Friday, June 02, 2006

800 MHz Rebanding and Uniden Scanners

Just a reminder that the rebanding of the 800 MHz is now underway. Not every scanner will be able to follow an analog Motorola trunk system after it has been rebanded. So what scanner is in your pocket and how will it handle rebanding?

For those who own a Uniden trunk tracker here is the last official word from the good folks at Uniden. So far NO word from the Radio Shack/GRE crowd. This is all I have on hand right now. So please, no emails asking me about your specific scanner. You have what I have.

800 MHz Rebanding Impact on Uniden Scanners
March 21, 2005 (Updated by author on Jun 1, 2006 with the latest two scanners released by Uniden.)

Background Information
Beginning in the late 1990’s, the FCC and industry began studying interference problems on public safety communications systems in the 800 MHz band. The root cause of most of the reported issues was interference from high-powered business radio systems on channels adjacent to relatively low-powered public safety radio systems.

In early February 2005, the FCC issued a Report and Order directing that certain actions be taken to reduce or eliminate the conditions that have resulted in this interference. These actions include:

· Moving current non-public safety licensees out of the 806-809/851-854 MHz band.

· Moving public safety licensees into the 806-809/851-854 MHz band.

· Changing the current 800 MHz channel plan.

The relocation of licensees should help to isolate critical public safety bands away from interference-creating services, but will require that users reprogram their scanner with the new frequencies.

The change to the 800 MHz channel plan will have the greatest effect on scanner operation. Most scanners use this channel plan to determine the voice channel frequency for Motorola Analog or mixed systems. Users with scanners that rely on this channel plan will need to reflash their scanner in order for it to continue to properly track Motorola Analog or mixed systems. Scanners that cannot be reflashed will need to be replaced.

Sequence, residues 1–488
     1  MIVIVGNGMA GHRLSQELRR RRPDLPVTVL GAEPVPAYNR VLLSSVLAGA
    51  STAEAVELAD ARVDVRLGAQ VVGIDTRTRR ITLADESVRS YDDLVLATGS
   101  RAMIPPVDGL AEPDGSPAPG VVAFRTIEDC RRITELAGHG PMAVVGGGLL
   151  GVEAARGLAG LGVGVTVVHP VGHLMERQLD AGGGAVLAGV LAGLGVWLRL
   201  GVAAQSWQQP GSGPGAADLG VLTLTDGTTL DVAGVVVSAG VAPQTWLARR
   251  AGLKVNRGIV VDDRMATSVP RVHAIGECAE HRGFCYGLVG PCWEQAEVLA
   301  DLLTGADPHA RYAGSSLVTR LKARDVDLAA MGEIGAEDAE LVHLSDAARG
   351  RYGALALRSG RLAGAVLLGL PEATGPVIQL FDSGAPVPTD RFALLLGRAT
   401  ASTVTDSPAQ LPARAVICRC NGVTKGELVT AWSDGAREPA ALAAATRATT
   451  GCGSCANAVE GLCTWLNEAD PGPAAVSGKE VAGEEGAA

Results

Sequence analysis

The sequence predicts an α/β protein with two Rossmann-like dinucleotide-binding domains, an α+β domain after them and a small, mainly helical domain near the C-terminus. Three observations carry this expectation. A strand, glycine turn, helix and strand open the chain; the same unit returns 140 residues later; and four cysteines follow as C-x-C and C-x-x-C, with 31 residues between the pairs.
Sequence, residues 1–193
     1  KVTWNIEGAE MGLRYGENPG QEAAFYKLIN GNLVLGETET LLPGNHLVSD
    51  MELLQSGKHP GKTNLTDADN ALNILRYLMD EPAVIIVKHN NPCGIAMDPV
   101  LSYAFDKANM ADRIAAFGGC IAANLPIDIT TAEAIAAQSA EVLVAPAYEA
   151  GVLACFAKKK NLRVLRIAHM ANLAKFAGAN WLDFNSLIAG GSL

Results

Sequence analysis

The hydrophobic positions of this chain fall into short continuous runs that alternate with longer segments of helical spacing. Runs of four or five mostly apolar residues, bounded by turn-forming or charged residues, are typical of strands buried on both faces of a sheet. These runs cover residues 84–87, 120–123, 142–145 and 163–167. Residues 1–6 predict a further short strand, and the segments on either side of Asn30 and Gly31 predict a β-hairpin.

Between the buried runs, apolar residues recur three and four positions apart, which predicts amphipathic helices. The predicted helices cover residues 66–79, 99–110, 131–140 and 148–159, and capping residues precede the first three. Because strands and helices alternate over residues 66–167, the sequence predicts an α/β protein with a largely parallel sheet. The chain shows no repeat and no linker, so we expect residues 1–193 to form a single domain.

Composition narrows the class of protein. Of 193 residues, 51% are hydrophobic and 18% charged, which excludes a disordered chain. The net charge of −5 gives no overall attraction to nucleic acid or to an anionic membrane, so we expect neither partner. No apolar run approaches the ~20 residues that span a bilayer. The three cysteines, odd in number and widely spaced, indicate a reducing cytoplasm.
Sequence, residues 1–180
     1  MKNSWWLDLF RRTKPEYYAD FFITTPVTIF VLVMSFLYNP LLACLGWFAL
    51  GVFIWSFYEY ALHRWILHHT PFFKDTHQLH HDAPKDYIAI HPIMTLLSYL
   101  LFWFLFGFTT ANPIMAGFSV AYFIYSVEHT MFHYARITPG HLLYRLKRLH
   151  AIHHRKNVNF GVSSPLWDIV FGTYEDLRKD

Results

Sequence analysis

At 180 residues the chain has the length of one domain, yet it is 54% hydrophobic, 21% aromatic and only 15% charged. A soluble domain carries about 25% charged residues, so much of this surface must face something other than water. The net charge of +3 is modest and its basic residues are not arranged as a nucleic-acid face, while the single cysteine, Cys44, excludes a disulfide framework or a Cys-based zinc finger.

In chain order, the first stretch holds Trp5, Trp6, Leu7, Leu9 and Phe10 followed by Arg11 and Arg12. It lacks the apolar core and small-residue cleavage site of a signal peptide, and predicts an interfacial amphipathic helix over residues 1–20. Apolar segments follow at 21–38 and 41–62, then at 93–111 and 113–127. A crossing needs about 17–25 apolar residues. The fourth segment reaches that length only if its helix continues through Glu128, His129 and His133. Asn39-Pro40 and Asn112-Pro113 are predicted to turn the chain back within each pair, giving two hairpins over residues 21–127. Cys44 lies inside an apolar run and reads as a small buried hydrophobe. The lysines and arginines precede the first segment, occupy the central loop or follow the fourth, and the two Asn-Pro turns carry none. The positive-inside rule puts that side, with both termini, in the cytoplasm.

These two changes (relocating licensees and changing the channel plan) are together referred to as “Rebanding.”

More information on Rebanding can be found at and from the links on that site.

Impact on Scanning Receivers
Rebanding is a mixed blessing for scanner users. The same interference sources that have affected public safety users have also affected the use of scanners, sometimes to a greater degree. Rebanding should greatly improve scanner operation for the same reason that public safety radio operation will improve: less interference from unwanted sources.

However, as rebanding occurs on a system, scanners will need to be replaced, reflashed, or reprogrammed in order to continue to track the trunked systems in the 800 MHz band. The following table summarizes this impact on Uniden’s current product line.

Model Motorola APCO 25 Motorola Analog/Mixed EDACS LTR
BCD996T Reprogrammed Reflashed Reprogrammed Reprogrammed
BCD396D Reprogrammed Reflashed Reprogrammed Reprogrammed
BC330T Reprogrammed Reflashed Reprogrammed Reprogrammed
BC246T N/A Reflashed Reprogrammed Reprogrammed
BC296D Reprogrammed Reflashed Reprogrammed Reprogrammed
BC796D Reprogrammed Reflashed Reprogrammed Reprogrammed
BC898T N/A Reflashed Reprogrammed Reprogrammed
BCT8 N/A Reflashed Reprogrammed Reprogrammed
Older Uniden
Models N/A Replaced Reprogrammed Reprogrammed

End users will be able to reflash the indicated models using a PC cable and a software download from Uniden’s web site. All future Uniden trunktracking models are expected to either incorporate the Rebanding requirements or be flash upgradeable to do so.

The first public safety systems could be rebanded as early as April 2006. Uniden’s goal is to have a firmware update available for each compatible model by this time, but final testing and release of the update will depend on the actual implementation of these changes. Uniden plans to announce firmware updates for each model as they become available.

This statement is based on the current rebanding plan, as accepted by FCC and industry. Future changes to this plan could affect Uniden’s response or its ability to respond. Nothing in this statement should be construed as any type of promise or warranty. Uniden reserves the right to make changes to its rebanding response policy at any time.